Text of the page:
YCF believes that the arts offer organisations the perfect tool with which to initiate dialogues that lead to thoughtful interventions, which is why art finds its way into everything that we do. YCF has a network of arts practitioners that we work with at the grassroot level as well as artists capable of being master trainers for our facilitators.
Arts to heal - "How the Elephants Were" Textile Identity of students from Magge Village, Mysore
In 2013, as part of its work with the Goethe-Institut Max Mueller Bhavan, YCF collaborated with the German fashion designer and collage/drawing artist Dijana Zoradana Elfadivo to initiate a dialogue with adivasi tribal students from the Children’s College in Magge Village, Mysore District, about their textile identity. Her workshop with the students resulted in an exhibition titled “How the elephants were—the children from the village here and now.”
For our Halasuru Traverses project, puppetry artists worked with the children from a school in Halasuru to help them make puppets that told their personal, local stories. Their puppetry show was put on display for the public.
Arts to initiate play - IBM's STEM for Girls and YCF's STE(A)M-Ed curriculum
As part of IBM’s STEM for Girls project, YCF trained its facilitators to use theatre and fine art to start dialogues on their identity, on the stereotypes and prejudices that surround them, on superstitious beliefs, etc. These activities had the additional benefit of helping students develop the confidence to communicate better and begin to question some of the practices surrounding them towards helping them develop a 21st century mindset.
The arts play a significant part in YCF’s STE(A)M-Ed curriculum, which seeks to engage children in activities that make learning fun, while also teaching them important skills. The arts component of this curriculum is also designed to help students learn the process of observation and critical reflection and how to give and receive feedback respectfully. These skills are vital to the development of a 21st century mindset and can be achieved very effectively through the arts.
Arts to engage communities
As part of IBM’s STEM for Girls project, YCF conducted a series of street plays in three districts in Karnataka, to get community members to send their children to vatara shaales or community schools during the COVID lockdown. These shaales sought to prevent a complete break in the education of students from vulnerable communities who were already on the verge of dropping out from school.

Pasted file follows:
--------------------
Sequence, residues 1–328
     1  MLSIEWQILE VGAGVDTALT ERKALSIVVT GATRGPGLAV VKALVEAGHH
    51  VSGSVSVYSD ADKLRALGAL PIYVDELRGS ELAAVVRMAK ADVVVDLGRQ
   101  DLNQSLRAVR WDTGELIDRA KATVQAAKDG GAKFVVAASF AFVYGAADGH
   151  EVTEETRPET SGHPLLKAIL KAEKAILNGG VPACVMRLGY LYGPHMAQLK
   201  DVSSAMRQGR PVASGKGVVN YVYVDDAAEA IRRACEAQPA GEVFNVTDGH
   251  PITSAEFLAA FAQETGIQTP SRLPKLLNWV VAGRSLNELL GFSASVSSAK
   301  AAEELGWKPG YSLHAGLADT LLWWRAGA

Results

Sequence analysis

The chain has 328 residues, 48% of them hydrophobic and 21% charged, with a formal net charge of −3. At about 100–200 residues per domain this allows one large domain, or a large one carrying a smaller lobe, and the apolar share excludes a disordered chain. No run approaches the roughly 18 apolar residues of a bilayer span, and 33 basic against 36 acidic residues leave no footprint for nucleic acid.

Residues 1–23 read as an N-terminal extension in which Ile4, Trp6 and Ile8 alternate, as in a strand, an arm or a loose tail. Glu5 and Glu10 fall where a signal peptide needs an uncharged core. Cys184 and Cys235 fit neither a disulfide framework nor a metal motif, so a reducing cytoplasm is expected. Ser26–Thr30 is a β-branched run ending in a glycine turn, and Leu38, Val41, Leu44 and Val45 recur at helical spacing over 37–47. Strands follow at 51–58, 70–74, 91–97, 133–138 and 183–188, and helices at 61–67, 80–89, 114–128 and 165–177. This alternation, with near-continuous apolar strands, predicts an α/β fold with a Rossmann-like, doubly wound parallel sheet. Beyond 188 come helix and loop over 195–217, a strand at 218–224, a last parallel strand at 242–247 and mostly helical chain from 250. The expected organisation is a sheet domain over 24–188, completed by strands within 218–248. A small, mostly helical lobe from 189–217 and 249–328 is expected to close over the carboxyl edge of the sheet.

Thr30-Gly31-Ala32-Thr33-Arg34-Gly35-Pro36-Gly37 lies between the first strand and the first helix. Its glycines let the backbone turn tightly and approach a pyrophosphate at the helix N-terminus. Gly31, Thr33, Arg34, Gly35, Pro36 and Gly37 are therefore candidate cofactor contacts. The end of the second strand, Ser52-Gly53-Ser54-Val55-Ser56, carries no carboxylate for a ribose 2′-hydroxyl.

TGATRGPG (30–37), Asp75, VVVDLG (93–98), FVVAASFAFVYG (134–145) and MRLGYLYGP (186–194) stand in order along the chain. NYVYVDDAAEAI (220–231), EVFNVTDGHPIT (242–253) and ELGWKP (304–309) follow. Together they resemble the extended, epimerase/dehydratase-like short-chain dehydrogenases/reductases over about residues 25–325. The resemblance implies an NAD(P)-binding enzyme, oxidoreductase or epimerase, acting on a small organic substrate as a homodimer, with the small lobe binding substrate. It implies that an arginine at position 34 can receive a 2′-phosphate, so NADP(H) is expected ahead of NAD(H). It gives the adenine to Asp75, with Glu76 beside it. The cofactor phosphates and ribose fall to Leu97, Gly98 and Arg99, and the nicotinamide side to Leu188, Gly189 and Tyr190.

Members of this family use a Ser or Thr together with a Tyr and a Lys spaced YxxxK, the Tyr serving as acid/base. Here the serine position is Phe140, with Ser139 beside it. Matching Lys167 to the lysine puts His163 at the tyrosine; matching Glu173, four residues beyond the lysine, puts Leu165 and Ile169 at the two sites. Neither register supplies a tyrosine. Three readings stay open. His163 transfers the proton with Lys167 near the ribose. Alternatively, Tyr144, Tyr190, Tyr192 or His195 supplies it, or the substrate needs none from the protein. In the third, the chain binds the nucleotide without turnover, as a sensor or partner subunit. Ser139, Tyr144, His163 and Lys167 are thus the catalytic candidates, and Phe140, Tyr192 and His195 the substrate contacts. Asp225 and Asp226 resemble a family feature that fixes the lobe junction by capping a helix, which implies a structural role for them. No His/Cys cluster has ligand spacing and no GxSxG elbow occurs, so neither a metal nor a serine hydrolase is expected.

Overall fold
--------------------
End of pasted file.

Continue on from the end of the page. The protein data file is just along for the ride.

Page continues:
YCF’s expertise in the arts - the Hutti Gold Mines project
YCF has a track record of engaging with the arts at multiple levels. YCF’s founder and managing trustee, Anupama Gowda, is a critical curator who has worked on numerous projects across the country. In 2020-21, YCF was awarded the opportunity to articulate a Detailed Project Report (DPR) to conceive a vision document for a heritage centre in Raichur district of Karnataka with special focus on the Hatti Gold Mine. The Hutti Gold Mines Company Limited (HGMCL) wanted to place Raichur on the cultural tourism map with the mine being the basis for the project since it is what gives Raichur its identity, producing 80% of the gold consumed in India. Towards this end, Anupama Gowda worked with Suresh Jayaram, Art Historian, Meeta Jain, Architect and Space Designer, Saravanan, Creative Technologist and Naveen Mahantesh, Architect and Space Designer to conceptualise a museum space, a solar park, a space for an annual Hutti Chinnada Habba or festival, a travelling exhibit, showcasing the story of the mine and a geological research centre, among other things.
YCF worked with a team of experts, travelled and documented the whole process extensively to put together the DPR. The vision document in line with the DPR has been completed and now awaits approval from the board of the company for implementation.